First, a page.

Monday, January 27th, 2014

How to Become An Aesthetician

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Esthetician

Estheticians play a key role in keeping their clients looking their very best.

Aestheticians today play an increasingly central role in helping clients maintain a healthy skin care routine to help them look and feel their best. Dara Cardoza, Director of Education at Canadian Beauty College, gives us some insight into the business of aesthetics that may help you decide if this is the right career path for you.

What Does an Aesthetician Do?

Aestheticians are skin care specialists who provide a variety of facial and body treatments using specialized products and techniques. Once regarded as a luxury, Cardoza says “the services of an aesthetician have become a necessity in many people’s lives. The skin care and anti-aging regimens that aestheticians prescribe are part of a healthy lifestyle that should also include nutrition and exercise.”

A trained aesthetician provides a long list of beauty and skin care services, including manicures, pedicures, waxing, eyelash and eyebrow tinting, and body treatments. A medical aesthetician performs all of those services, but is also trained to offer additional treatments, says Cardoza, including:

  • Intense Pulsed Light (IPL) treatments, which improve the appearance of aged skin by treating age spots, benign brown pigments, and skin redness caused by broken capillaries;
  • Chemical peels that rejuvenate the skin and help reduce the look of fine lines, wrinkles and some acne scars;
  • Microdermabrasion treatments that deeply exfoliate the top layer of the skin to remove dry or dead skin cells and unclog pores to give the skin a healthier appearance and glow;
  • Laser hair removal, which removes unwanted facial and body hair with painless pulses of laser light.

“Aestheticians do not diagnose skin diseases,” says Cardoza, “but they’re taught to recognize what they can and cannot treat. They should be able to recognize ‘concerns’ and refer someone to a doctor if necessary.”

Is This Career Right For Me?

The spa industry is, in and of itself, a social atmosphere that requires consultation with clients and soothing conversation during procedures.

“Ideal candidates should have a passionate personality, be a good communicator and have an upbeat but calm demeanour,” says Cardoza. “That person should be someone who can listen while being comforting at the same time. They should have the energy for labour-intensive workdays as well.”

Aestheticians should be taught the importance of good posture, and be trained in maintaining proper workplace sanitation. They should also have a solid knowledge of the business and customer service side of the spa industry. “Client retention, phone skills, booking appointments and product sales are a big part of being an aesthetician,” says Cardoza.

She advises prospective students to visit colleges before enrolling to verify that the school offers the level of education and training that’s required in the industry. Canadian Beauty College has seven campuses in Ontario, including Vaughan, Toronto and Mississauga, and is registered with the Ministry of Training, Colleges and Universities, which allows for oversight and accountability.

“Prospects should do their research and look for a registered school that has qualified instructors and a written curriculum,” says Cardoza. “They should have products and proper working equipment to be used and trained on. Documents should be posted showing where and with whom the school is registered, and proper sanitation standards and signage should be posted throughout the facility.”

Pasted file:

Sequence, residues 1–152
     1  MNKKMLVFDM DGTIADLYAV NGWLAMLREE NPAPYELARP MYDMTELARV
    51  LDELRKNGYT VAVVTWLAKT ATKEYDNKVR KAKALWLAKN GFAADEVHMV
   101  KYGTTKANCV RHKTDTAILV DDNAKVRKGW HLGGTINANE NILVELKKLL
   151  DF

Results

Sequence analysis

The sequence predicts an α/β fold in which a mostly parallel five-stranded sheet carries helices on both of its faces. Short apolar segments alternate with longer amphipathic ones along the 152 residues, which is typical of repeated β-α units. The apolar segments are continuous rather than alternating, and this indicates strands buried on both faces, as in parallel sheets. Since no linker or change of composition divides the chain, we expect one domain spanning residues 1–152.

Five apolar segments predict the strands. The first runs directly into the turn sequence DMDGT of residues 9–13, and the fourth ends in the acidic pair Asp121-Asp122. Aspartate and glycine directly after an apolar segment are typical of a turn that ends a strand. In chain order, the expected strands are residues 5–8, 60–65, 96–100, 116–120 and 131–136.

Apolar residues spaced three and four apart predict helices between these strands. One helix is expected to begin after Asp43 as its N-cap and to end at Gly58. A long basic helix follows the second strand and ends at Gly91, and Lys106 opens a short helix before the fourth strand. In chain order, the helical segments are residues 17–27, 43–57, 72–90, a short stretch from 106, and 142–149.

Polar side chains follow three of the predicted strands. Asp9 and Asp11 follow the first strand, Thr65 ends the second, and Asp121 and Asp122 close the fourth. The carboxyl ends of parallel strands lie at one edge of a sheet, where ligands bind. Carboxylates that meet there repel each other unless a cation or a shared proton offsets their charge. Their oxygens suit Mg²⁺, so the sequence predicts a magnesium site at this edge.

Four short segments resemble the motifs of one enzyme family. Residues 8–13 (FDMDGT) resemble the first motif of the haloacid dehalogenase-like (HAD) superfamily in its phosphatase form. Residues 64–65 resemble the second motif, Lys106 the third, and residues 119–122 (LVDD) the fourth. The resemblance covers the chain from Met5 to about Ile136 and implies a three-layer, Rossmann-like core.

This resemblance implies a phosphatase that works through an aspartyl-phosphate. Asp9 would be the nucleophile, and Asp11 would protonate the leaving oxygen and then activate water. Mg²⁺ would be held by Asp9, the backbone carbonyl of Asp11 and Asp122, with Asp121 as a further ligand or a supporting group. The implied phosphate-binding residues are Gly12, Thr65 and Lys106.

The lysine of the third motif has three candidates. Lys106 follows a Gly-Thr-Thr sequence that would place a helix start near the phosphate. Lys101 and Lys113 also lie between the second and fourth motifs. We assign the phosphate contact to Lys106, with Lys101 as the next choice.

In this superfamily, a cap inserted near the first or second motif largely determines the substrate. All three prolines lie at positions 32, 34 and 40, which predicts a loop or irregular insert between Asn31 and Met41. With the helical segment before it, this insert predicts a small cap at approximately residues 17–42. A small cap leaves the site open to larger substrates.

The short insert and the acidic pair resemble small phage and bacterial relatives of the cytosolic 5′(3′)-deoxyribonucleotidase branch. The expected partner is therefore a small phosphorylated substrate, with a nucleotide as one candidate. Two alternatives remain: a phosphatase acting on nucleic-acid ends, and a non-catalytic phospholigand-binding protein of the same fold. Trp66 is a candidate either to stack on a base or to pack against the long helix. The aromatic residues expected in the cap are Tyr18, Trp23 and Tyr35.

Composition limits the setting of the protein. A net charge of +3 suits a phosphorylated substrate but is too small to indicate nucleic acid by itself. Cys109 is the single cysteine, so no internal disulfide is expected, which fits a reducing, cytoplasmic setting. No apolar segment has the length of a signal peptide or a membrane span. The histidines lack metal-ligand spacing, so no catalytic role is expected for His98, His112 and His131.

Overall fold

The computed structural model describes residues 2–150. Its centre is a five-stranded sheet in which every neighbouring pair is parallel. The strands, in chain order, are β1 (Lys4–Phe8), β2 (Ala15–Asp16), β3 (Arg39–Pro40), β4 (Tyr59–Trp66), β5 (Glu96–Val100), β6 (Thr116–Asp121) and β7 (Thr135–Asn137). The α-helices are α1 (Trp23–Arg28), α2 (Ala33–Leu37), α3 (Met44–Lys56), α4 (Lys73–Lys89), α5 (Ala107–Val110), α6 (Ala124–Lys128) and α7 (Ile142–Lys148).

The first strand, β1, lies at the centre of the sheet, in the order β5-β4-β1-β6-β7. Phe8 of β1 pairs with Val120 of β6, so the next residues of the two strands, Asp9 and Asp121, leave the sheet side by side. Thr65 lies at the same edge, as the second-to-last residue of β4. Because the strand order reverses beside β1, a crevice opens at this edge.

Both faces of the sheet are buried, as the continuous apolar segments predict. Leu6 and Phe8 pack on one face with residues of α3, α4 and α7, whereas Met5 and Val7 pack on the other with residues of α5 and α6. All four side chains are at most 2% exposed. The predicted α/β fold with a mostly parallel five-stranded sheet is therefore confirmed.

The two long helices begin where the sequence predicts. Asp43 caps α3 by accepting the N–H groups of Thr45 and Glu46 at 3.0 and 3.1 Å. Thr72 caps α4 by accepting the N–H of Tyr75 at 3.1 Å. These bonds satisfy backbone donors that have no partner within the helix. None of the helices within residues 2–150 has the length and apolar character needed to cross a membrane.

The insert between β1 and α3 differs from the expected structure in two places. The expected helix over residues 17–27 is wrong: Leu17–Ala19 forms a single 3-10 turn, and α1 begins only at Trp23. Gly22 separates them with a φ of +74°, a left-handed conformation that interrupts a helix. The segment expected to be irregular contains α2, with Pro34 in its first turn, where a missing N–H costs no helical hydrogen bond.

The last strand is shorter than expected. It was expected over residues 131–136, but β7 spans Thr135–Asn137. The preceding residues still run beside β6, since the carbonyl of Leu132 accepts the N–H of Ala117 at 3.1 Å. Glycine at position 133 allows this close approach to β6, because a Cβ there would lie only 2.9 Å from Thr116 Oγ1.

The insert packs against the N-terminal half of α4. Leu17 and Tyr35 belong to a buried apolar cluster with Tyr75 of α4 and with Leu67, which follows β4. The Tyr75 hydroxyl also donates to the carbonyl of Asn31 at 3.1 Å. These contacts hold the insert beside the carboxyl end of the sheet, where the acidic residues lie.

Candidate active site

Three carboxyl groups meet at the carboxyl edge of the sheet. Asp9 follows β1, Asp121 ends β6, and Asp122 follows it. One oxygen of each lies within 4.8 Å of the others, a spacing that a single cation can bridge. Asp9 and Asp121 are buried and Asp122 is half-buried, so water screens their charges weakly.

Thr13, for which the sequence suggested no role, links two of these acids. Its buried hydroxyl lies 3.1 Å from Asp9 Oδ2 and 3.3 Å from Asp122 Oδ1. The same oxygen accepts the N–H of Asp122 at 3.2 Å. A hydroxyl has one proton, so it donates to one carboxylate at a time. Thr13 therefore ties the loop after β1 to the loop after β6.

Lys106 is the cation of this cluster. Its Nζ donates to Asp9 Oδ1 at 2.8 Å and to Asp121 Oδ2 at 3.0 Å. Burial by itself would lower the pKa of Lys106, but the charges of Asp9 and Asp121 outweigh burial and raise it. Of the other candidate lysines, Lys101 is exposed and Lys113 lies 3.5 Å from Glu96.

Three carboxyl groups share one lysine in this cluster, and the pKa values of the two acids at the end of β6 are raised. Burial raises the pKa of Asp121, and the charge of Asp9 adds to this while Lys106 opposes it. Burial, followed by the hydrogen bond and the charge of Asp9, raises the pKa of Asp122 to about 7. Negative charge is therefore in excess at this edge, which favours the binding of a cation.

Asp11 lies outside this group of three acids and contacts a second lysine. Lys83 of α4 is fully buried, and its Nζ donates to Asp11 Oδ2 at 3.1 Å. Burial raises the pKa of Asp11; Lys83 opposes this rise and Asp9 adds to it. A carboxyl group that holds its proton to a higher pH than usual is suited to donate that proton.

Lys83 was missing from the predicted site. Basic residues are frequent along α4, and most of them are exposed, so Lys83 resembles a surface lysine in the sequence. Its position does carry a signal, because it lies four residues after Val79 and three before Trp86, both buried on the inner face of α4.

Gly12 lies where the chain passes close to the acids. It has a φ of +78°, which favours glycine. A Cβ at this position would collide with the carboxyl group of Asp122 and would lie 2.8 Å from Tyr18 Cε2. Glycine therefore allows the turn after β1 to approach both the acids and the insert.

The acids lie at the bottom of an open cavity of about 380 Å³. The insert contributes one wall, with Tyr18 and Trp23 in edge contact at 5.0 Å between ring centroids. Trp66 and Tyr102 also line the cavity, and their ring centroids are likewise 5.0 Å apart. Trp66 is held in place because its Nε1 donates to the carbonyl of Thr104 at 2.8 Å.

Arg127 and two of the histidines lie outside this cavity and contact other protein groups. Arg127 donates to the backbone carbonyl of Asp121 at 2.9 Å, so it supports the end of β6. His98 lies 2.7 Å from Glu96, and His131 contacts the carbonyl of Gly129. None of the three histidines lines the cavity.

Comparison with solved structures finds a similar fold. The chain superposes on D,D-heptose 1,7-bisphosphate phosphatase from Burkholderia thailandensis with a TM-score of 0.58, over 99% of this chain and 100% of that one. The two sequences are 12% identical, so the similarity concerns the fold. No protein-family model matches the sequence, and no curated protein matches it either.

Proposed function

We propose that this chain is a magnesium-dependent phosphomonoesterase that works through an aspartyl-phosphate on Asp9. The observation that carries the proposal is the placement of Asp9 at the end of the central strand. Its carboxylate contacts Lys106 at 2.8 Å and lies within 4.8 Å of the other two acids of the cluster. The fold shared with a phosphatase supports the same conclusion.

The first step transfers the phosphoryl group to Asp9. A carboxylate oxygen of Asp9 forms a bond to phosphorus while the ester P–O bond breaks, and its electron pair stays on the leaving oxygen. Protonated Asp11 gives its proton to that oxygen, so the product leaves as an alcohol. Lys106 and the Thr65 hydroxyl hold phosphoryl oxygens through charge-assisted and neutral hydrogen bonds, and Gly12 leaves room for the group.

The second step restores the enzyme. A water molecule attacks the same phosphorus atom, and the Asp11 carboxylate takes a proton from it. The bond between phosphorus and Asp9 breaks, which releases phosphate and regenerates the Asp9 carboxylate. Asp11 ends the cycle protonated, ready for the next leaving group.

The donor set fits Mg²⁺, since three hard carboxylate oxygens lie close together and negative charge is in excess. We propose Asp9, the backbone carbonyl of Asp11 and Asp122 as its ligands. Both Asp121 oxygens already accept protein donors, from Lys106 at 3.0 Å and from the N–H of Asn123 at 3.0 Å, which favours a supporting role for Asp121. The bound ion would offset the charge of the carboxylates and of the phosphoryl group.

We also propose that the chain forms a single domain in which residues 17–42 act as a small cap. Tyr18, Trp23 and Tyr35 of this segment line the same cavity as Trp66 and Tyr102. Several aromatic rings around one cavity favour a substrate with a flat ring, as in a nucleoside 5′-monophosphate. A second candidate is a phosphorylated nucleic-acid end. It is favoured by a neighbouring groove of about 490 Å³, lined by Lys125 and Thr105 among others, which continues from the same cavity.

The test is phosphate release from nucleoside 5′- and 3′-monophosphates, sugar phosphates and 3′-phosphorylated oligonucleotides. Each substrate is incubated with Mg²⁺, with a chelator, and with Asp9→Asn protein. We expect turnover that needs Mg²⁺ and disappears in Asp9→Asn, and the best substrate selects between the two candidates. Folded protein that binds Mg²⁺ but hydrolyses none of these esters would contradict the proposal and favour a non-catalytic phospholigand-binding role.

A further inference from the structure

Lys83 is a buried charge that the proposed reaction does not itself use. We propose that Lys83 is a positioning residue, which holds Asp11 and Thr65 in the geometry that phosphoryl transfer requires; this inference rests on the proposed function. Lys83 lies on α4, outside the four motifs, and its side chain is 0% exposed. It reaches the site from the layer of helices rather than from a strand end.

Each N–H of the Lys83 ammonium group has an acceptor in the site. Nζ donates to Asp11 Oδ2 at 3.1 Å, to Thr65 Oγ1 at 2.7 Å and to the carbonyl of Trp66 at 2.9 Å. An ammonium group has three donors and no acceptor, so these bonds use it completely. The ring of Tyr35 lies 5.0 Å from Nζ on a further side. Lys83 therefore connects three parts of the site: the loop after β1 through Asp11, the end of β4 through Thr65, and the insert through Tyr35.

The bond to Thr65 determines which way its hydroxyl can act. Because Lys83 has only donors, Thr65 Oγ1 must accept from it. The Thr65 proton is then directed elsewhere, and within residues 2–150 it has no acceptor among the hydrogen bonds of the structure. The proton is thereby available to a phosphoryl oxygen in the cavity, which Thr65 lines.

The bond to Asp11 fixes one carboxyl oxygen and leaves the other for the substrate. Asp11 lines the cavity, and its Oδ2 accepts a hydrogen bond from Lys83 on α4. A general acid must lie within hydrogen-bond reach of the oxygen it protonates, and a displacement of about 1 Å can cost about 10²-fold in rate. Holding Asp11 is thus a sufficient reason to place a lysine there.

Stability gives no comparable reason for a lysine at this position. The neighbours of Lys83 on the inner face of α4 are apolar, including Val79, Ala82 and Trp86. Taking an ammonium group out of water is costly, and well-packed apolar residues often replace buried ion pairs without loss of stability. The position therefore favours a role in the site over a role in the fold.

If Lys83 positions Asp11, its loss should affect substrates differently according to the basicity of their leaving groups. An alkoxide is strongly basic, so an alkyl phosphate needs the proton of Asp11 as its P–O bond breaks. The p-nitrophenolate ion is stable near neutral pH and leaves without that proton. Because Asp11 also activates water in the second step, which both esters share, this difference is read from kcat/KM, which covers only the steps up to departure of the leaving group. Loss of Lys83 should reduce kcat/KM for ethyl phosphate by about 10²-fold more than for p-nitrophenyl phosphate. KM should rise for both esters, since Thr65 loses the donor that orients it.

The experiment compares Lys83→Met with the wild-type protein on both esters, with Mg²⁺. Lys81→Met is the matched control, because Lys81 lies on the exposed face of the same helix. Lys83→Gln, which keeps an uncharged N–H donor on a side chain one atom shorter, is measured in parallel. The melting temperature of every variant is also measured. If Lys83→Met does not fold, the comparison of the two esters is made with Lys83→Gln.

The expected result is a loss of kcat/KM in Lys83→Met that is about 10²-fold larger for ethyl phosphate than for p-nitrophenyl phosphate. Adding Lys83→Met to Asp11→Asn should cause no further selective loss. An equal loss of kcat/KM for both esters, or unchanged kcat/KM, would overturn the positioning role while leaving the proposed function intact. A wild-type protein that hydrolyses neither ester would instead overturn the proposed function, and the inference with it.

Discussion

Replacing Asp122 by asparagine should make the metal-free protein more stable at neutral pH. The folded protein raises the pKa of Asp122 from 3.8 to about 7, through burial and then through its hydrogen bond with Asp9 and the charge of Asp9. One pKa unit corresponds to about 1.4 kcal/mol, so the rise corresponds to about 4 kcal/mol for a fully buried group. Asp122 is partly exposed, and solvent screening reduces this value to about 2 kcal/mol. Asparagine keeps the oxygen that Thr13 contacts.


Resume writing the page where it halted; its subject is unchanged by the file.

She adds that instructors should be available to meet prospects and answer their questions.  She suggests talking to students as well.  “It’s a good way to get a clear picture of how people who are currently enrolled feel about the school and if people enjoy working and studying there,” she says.

Doing your due diligence will ensure that you graduate with the proper training and qualifications, and have the communication and customer service skills that are such a crucial part of the industry.

Where Are The Jobs?

“The spa industry is a constantly growing industry with plenty of room for growth for a passionate person who enjoys working with people in a fast-paced but relaxing atmosphere,” says Cardoza. “There are many avenues that can be taken in the industry so there’s little room for boredom. You can, among other things, provide aesthetic services, own your own facility, teach and train within the industry or manage a facility.”

Successful graduates are prepared for employment in dermatology clinics, skin care clinics, laser care facilities, medical spas, plastic surgeons offices, day spas, wellness centres, destination spas and more.

Best of all, says Cardoza, the industry continues to see nothing but growth. “The luxury of aesthetics is a thing of the past,” she says. “This is an industry where there will always be a demand for those who like working with people.”

Where Can I Study?

There are a number of colleges that offer aesthetics and medical aesthetics programs. If you’re in Ontario and want to check out the programs at Canadian Beauty College, you can get in touch with one of their seven campuses to get more information.

Other schools that offer programs include:

Linda Galeazzi
Author: Linda Galeazzi
Linda Galeazzi has been an online writer and proof reader for several years.
Post a comment
  1. WorkforceWindsorEssex.com Says:

    Hi Ryan, I love all of your articles, but where’s Windsor on this list? We have a program here at St. Clair College that could provide training for Estheticians. 



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